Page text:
Friday, December 1, 2006

The Quiche Chronicles

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1) This quiche, which I made for dinner last night, is adapted from Julia Child’s classic cookbook, Mastering the Art of French Cooking.

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It’s a Quiche Lorraine, meaning that its origins are in Lorraine, in the northeastern part of France. This particular version, however, is somewhat bastardized (at least according to Julia), since it includes cheese. Not that Julia was ever one to stand on form, mind you. My adaptation ignores Julia’s recommendation to blanche the bacon before sautéing it in order to get rid of the smoky, salty, taste. Umm…excuse me, but isn’t the smoky, salty taste the whole point of bacon?

2) I met Julia Child once. She’d just published a book, The Way To Cook, and was doing tours and demos around the country. I was living in southern California at the time, a brand new mother, and so I courageously bundled up Baby and cookbooks and headed to the mall. I found Julia to be gracious and charming and tall. With good humor, she uncapped her pen and signed all my cookbooks, praising the well-worn aspect of the tomes. Then she patted Baby’s head and we made small talk and discovered that Julia and Baby shared the same birthday. She added in a stage whisper that Napoleon Bonaparte was also a member of that exclusive birthday club and then gave her signature chortle. I like to think that Baby smiled in return.

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3) The Larousse Gastronomique says, “Some writers claim that this kind of savoury custard tart belongs to German cookery, since in Germany the quiche is known under the name kuchen, from which the word kiche could have come.” I get the feeling that the Laroussians aren’t buying it.

4) This may not be a certifiable version of Quiche Lorraine, but to that I say tant pis. At least I’m not filling it with nasty things that have no place in a quiche, like this abomination from Bon Appetit containing succotash and goat cheese. Succotash! No wonder Real Men stopped eating quiche. Real Women wouldn’t want to touch that, either, and the French would probably turn pale and murmur Quelle Horreur if one of those so-called quiches landed on their Limoges.

5) And besides, the Queen decrees that this notion of gender-specific food is ridiculous. The three Real Men in this household gobbled up their slices of quiche and came back clamoring (yes, clamoring!) for more. And as far as I’ve been able to tell, there’s still plenty of testosterone coursing through their bodies. The Queen primly suggests that lumberjack breakfasts, kick-ass chili, porterhouse steaks and a restorative Scotch on the rocks be shifted from the dominion of “guy food” into the realm of “food.” Period. And by the way, fellas, help yourselves to all the petits fours and pink lemonade you want.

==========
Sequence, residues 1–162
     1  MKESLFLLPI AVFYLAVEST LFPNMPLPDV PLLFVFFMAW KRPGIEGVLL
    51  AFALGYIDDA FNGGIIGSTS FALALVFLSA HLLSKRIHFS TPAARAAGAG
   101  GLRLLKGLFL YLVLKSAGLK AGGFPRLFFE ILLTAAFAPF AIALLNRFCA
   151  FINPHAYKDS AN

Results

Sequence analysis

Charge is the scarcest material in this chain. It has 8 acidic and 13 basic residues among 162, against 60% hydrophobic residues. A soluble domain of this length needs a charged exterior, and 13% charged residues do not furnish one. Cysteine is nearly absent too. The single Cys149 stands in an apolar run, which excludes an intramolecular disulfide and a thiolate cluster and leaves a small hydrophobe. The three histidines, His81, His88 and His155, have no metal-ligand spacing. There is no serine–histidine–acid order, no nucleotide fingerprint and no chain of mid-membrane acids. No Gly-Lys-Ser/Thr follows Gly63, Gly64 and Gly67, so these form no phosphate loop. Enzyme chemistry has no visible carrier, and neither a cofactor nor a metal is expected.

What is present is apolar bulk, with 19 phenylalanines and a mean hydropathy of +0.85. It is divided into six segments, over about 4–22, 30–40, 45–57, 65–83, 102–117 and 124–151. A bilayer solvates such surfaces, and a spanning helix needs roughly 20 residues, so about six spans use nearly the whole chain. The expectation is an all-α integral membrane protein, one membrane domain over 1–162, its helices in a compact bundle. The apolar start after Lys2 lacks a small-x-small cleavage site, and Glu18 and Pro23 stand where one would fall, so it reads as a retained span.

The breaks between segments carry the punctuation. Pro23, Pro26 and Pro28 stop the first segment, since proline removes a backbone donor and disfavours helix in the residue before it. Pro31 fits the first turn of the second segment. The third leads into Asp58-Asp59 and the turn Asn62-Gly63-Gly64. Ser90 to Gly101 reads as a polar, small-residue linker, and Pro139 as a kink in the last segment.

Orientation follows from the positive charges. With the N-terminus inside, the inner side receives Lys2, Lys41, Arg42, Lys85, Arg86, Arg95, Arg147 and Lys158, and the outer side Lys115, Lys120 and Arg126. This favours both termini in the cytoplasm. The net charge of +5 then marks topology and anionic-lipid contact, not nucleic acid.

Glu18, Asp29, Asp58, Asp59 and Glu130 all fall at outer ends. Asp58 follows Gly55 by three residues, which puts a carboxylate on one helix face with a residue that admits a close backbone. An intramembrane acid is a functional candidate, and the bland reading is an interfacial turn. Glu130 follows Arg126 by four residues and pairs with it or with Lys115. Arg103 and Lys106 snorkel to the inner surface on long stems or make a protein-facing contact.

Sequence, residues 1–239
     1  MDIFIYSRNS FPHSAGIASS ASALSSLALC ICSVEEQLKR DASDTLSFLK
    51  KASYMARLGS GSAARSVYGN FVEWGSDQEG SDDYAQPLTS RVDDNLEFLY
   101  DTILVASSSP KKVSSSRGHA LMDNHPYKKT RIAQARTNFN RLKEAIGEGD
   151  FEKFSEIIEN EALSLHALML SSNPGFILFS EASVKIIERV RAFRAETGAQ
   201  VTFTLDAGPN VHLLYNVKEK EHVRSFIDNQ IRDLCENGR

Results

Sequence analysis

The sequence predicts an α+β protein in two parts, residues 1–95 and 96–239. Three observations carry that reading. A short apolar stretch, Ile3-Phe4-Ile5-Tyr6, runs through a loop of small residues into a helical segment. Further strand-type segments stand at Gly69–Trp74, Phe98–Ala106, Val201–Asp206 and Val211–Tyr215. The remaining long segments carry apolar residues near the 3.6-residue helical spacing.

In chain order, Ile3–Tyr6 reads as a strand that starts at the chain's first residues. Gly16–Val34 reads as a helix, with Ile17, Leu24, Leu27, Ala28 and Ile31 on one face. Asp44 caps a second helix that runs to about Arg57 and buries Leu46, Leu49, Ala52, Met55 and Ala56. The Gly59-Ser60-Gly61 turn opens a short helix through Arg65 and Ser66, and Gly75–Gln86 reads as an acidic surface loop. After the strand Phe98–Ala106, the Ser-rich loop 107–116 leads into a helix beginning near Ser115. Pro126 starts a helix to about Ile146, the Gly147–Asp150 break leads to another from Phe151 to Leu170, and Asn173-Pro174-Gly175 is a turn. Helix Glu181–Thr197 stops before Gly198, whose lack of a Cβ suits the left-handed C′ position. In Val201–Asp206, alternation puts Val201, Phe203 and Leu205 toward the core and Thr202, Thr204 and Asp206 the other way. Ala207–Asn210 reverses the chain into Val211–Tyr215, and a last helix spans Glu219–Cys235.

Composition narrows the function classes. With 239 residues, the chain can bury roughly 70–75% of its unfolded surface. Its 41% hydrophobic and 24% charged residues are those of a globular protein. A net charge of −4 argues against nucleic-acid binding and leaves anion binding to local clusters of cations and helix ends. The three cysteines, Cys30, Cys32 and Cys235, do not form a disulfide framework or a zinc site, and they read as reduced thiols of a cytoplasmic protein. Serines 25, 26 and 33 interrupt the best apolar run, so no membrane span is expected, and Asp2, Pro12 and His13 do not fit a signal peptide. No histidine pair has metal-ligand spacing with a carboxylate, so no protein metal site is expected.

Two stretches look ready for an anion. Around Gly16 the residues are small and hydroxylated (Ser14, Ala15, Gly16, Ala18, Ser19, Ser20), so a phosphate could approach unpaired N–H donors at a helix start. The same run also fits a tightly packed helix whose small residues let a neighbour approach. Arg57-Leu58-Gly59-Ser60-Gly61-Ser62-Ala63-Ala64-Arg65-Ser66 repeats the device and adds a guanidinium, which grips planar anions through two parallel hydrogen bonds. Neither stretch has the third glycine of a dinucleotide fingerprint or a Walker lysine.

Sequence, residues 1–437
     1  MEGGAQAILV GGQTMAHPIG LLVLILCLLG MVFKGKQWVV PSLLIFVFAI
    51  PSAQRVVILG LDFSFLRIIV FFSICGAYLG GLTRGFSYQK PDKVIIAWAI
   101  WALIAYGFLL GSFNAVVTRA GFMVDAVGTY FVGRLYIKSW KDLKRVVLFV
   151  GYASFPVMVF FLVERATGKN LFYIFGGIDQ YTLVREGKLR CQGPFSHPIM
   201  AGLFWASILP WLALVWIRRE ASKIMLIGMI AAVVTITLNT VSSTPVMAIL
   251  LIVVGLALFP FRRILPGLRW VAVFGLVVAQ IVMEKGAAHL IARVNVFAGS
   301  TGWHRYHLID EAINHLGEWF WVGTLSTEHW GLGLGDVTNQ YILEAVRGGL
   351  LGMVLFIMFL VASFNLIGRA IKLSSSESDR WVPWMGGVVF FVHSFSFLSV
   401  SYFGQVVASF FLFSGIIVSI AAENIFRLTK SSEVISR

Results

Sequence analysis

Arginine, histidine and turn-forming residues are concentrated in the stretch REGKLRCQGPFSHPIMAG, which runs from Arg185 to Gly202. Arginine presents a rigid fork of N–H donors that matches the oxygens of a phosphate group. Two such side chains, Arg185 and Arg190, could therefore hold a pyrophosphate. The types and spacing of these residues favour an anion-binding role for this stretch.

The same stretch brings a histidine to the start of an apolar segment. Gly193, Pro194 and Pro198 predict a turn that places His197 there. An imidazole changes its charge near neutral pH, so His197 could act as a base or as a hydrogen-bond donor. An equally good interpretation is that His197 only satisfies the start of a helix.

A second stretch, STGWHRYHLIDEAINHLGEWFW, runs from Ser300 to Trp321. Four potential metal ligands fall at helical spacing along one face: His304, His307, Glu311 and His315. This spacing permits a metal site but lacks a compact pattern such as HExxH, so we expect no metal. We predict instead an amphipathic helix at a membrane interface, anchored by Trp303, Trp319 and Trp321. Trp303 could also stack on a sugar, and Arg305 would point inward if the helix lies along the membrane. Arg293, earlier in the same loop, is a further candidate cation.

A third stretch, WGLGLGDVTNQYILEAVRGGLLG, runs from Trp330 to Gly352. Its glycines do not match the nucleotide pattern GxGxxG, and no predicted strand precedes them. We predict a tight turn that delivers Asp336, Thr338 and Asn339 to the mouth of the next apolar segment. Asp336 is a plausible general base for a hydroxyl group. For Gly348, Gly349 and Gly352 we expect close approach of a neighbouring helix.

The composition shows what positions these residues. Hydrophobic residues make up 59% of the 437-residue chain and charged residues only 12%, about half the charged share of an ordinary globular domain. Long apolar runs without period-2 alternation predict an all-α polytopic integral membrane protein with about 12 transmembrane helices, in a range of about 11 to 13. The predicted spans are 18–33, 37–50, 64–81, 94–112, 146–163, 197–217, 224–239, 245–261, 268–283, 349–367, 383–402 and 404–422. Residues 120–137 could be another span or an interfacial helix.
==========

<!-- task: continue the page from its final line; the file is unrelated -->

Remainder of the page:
6) The B-52’s have a song named Quiche Lorraine (which you can hear a clip from here). It’s a sad little ditty about a poodle gone wrong. I’d rather eat the tart than listen to the song, but I’ll leave that up to you.

Quiche Lorraine
Adapted from Mastering the Art of French Cooking

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Piecrust for a single crust pie

6 slices medium thick bacon
3 eggs
1 ½ c. half-and-half or whipping cream
¾ c. grated Swiss cheese
½ t. salt
pinch of nutmeg

Preheat oven to 400. Line tart pan or pie plate with piecrust and then line piecrust with parchment paper and pie weights or dried beans. Bake 8-9 minutes; remove parchment and weights. Prick bottom and sides of crust and continue to bake for another 3 minutes. Remove from oven and place pan on baking sheet.

Lower heat to 375. Cut bacon into small pieces. Brown in skillet; drain fat. Scatter pieces on bottom of tart shell.

Beat eggs, cream, and seasonings together until blended. Stir in cheese. Pour into pastry shell. Bake for 30-35 minutes or until quiche has become puffed and lightly browned.


At 1:00 PM, Anonymous Anonymous said...

Wow. I always thought that Lorraine was just the name of the person who invented quiche.

Ya learn sumpin' new ev'ry day.

At 8:26 AM, Anonymous Anonymous said...

This comment has been removed by a blog administrator.

At 7:48 AM, Anonymous Anonymous said...

Hello, QoT, nice blog! This entry caught my eye as I live in the Lorraine area. Believe me, everyone I know puts cheese in their quiche, it just tastes better! And I've never heard of anyone boiling the bacon before, but perhaps people in Julia Child's age group (were she still alive!) do that...


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